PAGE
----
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Hey, Target, What's With Selling So Much Expired and Nearly Expired Food? Ick.

Oct 14, 2012   [permalink]

Is this now Target's business model?

The nearest grocery store to us is a super Target. While it has a lot of what we're looking for, we still have to make runs to the other stores for certain things. (Side note: Sorry, just because you quit carrying my favorite brands doesn't mean I'll switch to the limited choices of the other brands. Tried 'em; don't like 'em.) So, because we're at the other stores sometimes anyway, I've noticed that Target does something Safeway, the local Kroger chain, and Whole Foods does not:

Target sells a lot of food that's either almost expired or in fact is expired.

On our last shopping run, we ended up with two items past due: some muffins that were three days past the expiration date, and a can of corn that was a month past. Man, how old was that can of corn? New ones have an expiration date some number of years in the future.

This isn't an isolated incident. I've noticed it so often that we've quit buying certain things there, like cheese, because it's so often been expired. Nevermind even the date, I've too often seen moldy cheese sitting on the shelf. Ewww.

Yeah, so, I know, I should really stop shopping there, or check the expiration date of every single dang item I pick up there. But that's like, you know, a real hassle. It's much closer, and sometimes we forget to check something. Being our most convenient store, I suppose we sometimes delude ourselves the stuff has a good long life left like it should since it's a national store, and we don't want to look at everything. Nor should I have to do that. It wastes my time and energy.

An occasional oops I can understand. This is chronic.

I've now come to suspect that it's actually Target's deliberate policy to buy near-end-of-life products. As in, part of their business model.

Thinking about it, it would probably increase their profits by a ton. (Cough: to my detriment.) They could go to their wholesalers and say, pssst, hey, I know you got some stuff that you're throwing out. I'll take it off your hands real cheap, and sell it to my unsuspecting dimwits of customers. They'll never know! And we both make gobs of money! Brilliant!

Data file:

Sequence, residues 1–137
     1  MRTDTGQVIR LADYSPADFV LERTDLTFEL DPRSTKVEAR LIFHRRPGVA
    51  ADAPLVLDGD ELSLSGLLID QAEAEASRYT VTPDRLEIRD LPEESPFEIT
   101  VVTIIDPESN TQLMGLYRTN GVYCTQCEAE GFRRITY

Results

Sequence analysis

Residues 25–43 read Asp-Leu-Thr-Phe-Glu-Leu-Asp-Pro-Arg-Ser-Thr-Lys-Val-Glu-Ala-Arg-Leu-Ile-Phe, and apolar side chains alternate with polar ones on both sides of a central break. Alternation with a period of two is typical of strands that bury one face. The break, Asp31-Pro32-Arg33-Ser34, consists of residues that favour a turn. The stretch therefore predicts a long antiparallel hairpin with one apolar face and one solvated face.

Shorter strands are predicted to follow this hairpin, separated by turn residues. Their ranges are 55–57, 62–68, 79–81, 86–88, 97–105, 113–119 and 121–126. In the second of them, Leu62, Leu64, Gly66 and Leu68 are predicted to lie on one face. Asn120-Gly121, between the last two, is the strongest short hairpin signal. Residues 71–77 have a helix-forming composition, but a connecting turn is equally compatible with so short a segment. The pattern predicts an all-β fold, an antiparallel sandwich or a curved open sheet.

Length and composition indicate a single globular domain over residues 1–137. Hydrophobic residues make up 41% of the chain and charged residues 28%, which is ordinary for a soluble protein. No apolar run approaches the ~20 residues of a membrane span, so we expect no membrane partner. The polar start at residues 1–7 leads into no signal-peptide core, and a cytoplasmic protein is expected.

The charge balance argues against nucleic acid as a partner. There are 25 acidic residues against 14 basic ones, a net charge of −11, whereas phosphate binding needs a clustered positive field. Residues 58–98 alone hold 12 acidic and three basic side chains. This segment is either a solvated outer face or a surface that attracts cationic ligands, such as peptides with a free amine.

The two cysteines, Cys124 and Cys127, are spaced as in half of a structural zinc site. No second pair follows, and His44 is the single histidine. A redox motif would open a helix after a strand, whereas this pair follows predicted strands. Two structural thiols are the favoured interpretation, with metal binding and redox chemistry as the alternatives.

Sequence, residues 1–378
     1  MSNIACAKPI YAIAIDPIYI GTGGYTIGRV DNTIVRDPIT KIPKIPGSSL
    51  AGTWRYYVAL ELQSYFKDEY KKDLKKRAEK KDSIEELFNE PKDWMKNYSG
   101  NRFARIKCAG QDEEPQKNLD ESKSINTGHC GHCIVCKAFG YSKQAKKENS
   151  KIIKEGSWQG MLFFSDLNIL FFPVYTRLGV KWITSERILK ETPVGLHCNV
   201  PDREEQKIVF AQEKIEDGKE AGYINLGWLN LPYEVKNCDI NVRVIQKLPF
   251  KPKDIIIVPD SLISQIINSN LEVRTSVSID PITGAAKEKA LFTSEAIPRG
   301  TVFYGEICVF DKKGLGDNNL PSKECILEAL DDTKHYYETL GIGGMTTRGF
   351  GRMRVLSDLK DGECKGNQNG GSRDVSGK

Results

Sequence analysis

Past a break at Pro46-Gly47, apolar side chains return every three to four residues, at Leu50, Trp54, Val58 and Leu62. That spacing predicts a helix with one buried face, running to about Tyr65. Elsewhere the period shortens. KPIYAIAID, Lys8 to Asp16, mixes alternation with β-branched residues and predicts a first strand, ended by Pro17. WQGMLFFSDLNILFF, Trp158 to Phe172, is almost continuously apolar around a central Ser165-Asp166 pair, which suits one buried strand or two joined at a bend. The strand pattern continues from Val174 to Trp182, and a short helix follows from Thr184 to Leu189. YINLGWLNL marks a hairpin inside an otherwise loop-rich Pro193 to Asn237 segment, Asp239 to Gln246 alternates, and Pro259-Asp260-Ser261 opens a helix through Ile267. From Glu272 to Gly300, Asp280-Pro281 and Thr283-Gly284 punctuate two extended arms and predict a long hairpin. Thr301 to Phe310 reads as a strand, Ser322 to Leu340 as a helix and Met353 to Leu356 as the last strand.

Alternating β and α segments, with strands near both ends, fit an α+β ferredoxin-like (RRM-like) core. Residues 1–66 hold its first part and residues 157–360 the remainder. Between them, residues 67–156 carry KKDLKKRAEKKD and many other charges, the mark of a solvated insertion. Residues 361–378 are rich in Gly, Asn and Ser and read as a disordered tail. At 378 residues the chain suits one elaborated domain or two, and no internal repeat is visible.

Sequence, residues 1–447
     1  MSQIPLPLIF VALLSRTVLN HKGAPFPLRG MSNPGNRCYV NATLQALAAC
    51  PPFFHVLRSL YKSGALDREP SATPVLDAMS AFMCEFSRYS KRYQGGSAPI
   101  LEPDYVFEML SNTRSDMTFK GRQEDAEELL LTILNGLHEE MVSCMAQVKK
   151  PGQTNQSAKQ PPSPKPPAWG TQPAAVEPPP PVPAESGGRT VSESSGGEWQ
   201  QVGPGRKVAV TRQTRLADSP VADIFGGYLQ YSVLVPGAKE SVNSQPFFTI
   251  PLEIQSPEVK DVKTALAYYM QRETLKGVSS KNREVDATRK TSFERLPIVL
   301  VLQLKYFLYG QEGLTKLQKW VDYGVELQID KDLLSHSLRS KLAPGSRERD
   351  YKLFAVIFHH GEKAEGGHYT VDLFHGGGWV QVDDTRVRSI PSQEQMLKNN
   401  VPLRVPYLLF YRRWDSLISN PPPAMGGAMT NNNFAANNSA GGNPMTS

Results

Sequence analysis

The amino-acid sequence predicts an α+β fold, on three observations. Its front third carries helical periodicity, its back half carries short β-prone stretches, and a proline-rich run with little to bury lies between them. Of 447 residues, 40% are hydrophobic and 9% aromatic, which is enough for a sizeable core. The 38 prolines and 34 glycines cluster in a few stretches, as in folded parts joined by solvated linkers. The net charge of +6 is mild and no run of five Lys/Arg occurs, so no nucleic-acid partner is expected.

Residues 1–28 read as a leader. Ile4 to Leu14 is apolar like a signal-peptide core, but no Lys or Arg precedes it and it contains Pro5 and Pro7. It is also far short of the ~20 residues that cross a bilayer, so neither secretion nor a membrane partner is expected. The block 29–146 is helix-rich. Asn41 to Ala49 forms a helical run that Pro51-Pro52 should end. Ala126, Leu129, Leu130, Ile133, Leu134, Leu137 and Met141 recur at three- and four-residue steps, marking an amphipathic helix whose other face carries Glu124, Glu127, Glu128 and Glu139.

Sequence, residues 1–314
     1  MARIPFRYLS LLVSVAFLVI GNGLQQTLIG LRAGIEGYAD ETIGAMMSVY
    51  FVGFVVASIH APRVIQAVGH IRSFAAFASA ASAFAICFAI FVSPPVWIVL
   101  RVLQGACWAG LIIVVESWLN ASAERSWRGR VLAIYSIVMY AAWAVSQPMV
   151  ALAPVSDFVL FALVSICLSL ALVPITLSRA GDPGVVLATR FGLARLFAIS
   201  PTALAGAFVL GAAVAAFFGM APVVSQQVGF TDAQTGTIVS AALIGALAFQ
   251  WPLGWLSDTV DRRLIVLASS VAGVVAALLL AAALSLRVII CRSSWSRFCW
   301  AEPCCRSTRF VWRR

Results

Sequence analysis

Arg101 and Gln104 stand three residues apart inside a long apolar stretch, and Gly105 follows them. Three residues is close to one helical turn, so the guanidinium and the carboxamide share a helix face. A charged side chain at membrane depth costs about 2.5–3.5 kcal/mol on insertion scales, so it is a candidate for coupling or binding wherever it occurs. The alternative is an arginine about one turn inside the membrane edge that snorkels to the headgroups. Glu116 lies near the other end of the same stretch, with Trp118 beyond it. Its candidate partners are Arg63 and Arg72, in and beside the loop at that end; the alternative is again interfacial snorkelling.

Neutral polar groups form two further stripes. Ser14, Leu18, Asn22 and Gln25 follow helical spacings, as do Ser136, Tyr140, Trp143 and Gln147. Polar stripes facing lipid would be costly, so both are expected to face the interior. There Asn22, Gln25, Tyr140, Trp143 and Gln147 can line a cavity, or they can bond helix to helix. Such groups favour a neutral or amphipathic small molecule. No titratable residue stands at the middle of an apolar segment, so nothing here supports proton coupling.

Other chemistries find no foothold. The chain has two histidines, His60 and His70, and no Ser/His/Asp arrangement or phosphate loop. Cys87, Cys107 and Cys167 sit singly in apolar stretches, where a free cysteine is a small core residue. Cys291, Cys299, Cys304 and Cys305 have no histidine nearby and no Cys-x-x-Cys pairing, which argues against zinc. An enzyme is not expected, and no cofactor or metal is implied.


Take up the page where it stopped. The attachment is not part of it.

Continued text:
Except for us customers, who lose. And may get sick. Or, who knows, die. Not to mention the waste of having less longevity and reduced taste. (Love their stale bread, yum.) I either lose money tossing it out, or have to waste my time returning it. A lose-lose for me.

It's a shame, because it's close, and saves gas, time (+10 min each way), and so on.

I mentioned the frequency of the problem to the guy at the returns desk. He blamed it on the vendors. Well, I'm paying Target, so I blame Target. It's not my concern that you foisted work off on the vendors who don't do it. If the vendors are dropping the ball because Target wants to save money on labor and not check, that's not my problem. I have no arrangement with each vendor; Target does. So no, Target, you don't escape the responsibility by blaming someone else. Your store, your name, your responsibility.

It's not like they're cheaper. They were when they opened, but now they're not. (In one case, they jumped up the price on our favorite yogurt 50% overnight, from like $3.39 to $4.99. The other stores are still in the $3-4 range, so that's a no-brainer. It's not expired / nearly expired at the other stores, either.)

So, we shop at Target less often, we avoid certain types of food that have been the worst offenders, and we try to check more often (what a nuisance).

And, on a day when it's particularly ticked me off after waiting in line to return stuff, I blog about it, in the hopes of saving others the waste and frustration.

Bad Target! Bad business model!

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